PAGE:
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Jul 022014

It’s a simple question: Did the US Men’s National Team succeed or fail in Brazil?

The answer, however, is far more complicated.

Expectations for this particular USMNT were pretty low as soon as the group draw was announced back in December. The US found themselves staring at one of the world’s five best teams (Germany), one of the two best players in the world (Cristiano Ronaldo), and the one team they just could not solve (Ghana). As low as the expectations were in December, they might have sunk even lower after the announcement of the 23 man roster that would travel to Brazil. American soccer hero Landon Donovan was out while youngsters Julian Green, DeAndre Yedlin, and John Anthony Brooks were in. It seemed as if Jurgen Klinsmann was throwing in the towel for 2014 and looking ahead to 2018. After all, he had signed an extension through 2018 back in December. There was no way this mixture of veterans and youth prospects was going to get out of the group.

Then Clint Dempsey made everyone (at least, temporarily) forget about Landon Donovan.

Less than a minute into the opening game against Ghana, Dempsey managed to weave his way through the Ghana defense and secured a very early 1-0 lead for the Americans. Was this the turning point? Was this the moment the US finally took another step towards being a legitimate contender to win the World Cup?

Not exactly…

After the initial shock wore off, the game settled down and Ghana ended up putting quite a bit of pressure on the US defense for the rest of the game. Starting striker Jozy Altidore, fresh off a horrendous 2013-14 club season with Sunderland, pulled up lame and would not see the field again in Brazil. In his stead came fellow AZ Alkmaar standout Aron Johannsson, who ultimately picked the United States over Iceland for his national team loyalties. More bad news came at halftime as starting center back Matt Besler, of Sporting Kansas City in MLS, was unable to continue and was replaced by wonderkid John Anthony Brooks of Hertha Berlin. Brooks had played quite a bit for the Berlin side as they were promoted into the Bundesliga last summer and ultimately managed to avoid relegation in 2013-14. His introduction to the game, born out of necessity more than a tactical need, would ultimately prove to be the difference. Andre Ayew leveled the score at 1-1 in the 82nd minute, but Brooks would nod home with his head off a corner kick just four minutes later. The demons of 2006 and 2010 had been vanquished, despite Ghana creating far more threatening chances.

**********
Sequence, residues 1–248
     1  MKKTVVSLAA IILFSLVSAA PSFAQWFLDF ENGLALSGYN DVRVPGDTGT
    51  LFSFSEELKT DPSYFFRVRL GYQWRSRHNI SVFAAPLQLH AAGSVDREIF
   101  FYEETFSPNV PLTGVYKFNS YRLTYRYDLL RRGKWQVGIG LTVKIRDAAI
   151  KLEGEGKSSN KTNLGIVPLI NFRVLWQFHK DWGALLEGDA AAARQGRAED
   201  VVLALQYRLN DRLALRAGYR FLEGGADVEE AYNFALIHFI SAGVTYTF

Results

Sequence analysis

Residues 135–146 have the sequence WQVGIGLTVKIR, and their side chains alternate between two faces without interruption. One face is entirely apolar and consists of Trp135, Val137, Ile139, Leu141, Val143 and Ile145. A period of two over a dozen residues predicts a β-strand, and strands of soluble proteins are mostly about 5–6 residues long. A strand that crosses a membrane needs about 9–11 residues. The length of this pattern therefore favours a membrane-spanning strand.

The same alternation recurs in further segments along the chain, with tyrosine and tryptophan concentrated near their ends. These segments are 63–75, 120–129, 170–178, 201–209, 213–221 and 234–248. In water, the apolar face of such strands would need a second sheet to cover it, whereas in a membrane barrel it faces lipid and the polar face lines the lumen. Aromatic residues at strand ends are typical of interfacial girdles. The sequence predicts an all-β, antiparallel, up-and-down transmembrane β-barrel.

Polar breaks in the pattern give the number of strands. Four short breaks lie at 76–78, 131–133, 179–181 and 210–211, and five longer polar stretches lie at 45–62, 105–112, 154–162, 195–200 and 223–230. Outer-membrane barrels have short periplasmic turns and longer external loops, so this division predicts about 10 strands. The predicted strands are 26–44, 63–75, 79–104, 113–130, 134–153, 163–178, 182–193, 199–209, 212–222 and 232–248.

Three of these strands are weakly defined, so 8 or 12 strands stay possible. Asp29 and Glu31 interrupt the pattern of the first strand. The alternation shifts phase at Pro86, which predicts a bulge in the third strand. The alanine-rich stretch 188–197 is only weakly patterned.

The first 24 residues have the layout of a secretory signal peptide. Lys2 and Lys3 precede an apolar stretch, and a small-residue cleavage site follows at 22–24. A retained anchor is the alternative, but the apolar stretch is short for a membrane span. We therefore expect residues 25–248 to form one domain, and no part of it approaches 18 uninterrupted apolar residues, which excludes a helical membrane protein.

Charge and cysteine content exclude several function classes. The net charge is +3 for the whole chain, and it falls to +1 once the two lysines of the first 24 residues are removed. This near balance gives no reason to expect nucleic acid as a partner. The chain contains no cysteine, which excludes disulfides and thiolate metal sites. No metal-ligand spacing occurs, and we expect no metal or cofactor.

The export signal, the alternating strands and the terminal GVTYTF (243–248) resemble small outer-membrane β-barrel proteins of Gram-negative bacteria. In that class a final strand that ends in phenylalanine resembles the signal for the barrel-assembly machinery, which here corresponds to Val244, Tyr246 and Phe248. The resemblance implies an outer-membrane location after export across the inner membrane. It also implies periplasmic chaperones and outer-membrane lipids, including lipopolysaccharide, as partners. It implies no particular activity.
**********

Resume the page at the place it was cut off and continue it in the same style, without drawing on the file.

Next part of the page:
Next up was Portugal. Cristiano Ronaldo, “fresh” off winning the Champions League with Real Madrid, was never really 100% and his teammates looked like a team that had been 90 minutes away from not even qualifying for the World Cup. Portugal trailed Sweden 2-0 after their first leg qualification playoff match, but were pretty much single-handedly saved by Ronaldo in the second leg. They got off to a terrible start in group play as they fell to Germany 4-0 and lost regular starters Hugo Almeida (Injury) and Pepe (Red Card) for their next game against the US. This time the US found themselves down early though as they conceded in the first couple minutes thanks to a really poor clearance from Stoke City’s Geoff Cameron. In what was likely their best performance of the tournament, the US went back and forth with Portugal trading chances until Jermaine Jones leveled the score at 1-1 midway through the first half. Clint Dempsey gave the US the lead in the 81st and the Americans just needed to hold on for roughly 10 more minutes to seal their spot in the Round of 16. They were unable to. Ronaldo served up an excellent early cross into the box in the waning moments of stoppage time and Silvestre Varela buried it with power and precision. The US would have to wait a few more days to try and escape the “Group of Death”.

Their final opponent was their most difficult to overcome. All the US needed was a draw against Germany, but the Germans would not settle for such nonsense; a draw would have sent them through as well though. Sometimes the elements can help the weaker side, but Germany were clearly the better side as torrential rain pounded the field in Recife. Thomas Mueller managed to bury a rebound in the box in the second half and that was all the Germans needed to win a game in which the US spent almost no time whatsoever in the attacking third. Fortunately, Portugal got a win against Ghana and it was on to the Round of 16.

The Americans had conquered the “Group of Death” despite going from a win (one in which they weren’t necessarily the better team) to a draw (arguably their best performance) to a loss (totally outplayed in the elements).